Electrical and Lightning Injury


High Voltage electric shock or lightning stroke can cause damage to the central nervous system, motor neurons, or peripheral nerves. Lesions can involve the brain or the spinal chord. If a lesion involves the spinal chord, myelomalacia can result without any change in the blood vessels, inflammation or gliosis. Similarly in the brain, non-specific lesion occur, and gray matter could be affected. When death occurs from acute injury, cerebral lesions seem to be dominated by the effects of anoxia and cardiac arrest., with edema, perivascular hemmorhage, and neuronal loss.


The method of injury is not clear. Researchers have stated that resistance to the flow of electric current is lower in neural tissue than in other organs of the body. Accordingly, the subsequent syndromes result from the effects of high-voltage electricity on neural cells. Demyelination does not appear to be the result of vascular injury, and it remains unclear why the symptoms are immediate in most patients, but delayed in some. It is also unclear why different parts of the nervous system are affected in different victims.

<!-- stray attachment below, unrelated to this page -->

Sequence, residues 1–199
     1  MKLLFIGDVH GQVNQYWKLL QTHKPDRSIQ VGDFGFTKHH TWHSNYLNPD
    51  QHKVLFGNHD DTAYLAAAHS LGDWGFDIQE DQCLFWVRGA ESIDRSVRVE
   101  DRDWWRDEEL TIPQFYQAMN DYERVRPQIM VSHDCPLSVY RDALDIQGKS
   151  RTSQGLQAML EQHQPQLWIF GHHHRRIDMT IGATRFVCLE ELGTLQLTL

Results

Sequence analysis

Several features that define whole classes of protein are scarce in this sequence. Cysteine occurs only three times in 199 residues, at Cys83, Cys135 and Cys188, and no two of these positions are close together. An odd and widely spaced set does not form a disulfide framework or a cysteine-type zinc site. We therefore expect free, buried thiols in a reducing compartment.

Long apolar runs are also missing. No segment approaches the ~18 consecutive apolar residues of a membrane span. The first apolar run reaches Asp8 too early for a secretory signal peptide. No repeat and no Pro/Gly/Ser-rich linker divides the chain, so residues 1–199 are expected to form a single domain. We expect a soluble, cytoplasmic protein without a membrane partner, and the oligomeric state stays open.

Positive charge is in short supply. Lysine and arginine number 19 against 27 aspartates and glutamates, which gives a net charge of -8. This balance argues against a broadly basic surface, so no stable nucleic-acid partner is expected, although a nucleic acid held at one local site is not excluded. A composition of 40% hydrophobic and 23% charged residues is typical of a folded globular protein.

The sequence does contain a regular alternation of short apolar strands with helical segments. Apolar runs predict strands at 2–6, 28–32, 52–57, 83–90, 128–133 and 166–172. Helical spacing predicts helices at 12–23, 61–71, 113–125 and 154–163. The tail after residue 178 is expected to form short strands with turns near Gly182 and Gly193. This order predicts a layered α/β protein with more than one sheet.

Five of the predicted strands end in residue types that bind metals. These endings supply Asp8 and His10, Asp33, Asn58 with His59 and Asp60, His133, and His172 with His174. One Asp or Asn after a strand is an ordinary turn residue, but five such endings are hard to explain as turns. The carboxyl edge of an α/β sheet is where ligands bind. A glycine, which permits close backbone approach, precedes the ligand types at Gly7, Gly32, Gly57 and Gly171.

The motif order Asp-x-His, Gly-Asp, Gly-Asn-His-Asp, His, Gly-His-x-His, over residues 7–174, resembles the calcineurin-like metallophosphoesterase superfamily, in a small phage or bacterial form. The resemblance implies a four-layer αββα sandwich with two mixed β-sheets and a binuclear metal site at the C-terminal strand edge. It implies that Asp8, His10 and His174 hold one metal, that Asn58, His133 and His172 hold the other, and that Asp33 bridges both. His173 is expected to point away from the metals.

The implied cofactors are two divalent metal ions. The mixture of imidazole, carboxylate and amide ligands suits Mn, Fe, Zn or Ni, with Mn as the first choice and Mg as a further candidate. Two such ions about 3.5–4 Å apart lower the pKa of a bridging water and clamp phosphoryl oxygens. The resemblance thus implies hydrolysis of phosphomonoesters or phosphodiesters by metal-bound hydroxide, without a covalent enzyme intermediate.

In the past, electrocution was the result of accidents in the home or at work. As technology advances, many of these accidents have been avoided but still account for about 1000 deaths per year in the United States; 100 deaths per year are attributed to strikes of lightning. These lightning strikes can occur at work (farming, roofing, ranching) or during outdoor activities (camping, hiking, water sports).


Among survivors, the initial signs occur immediately after the shock and may be temporary. Unconsciousness and amnesia are common, and there may be transient paralysis of limbs or paresthesia. Cerebral infarction may occur from arrhythmia and embolization. Days or weeks later, progressive disorders can begin to develop, resembling one or several syndromes, such as parkinsonism, cerebellar disorders, myelopathy, spinal muscular atrophy, or sensorimotor peripheral neuropathy. Because cases are uncommon, it is difficult to determine whether reported cases are consequences of the electric shock or are a coincidental occurrence of two conditions.


The onset of these syndromes can only be treated symptomatically because no specific treatment exists. However, the acute attention is directed to the cardiac disorder. Brain injury rehabilitation can help in the long term.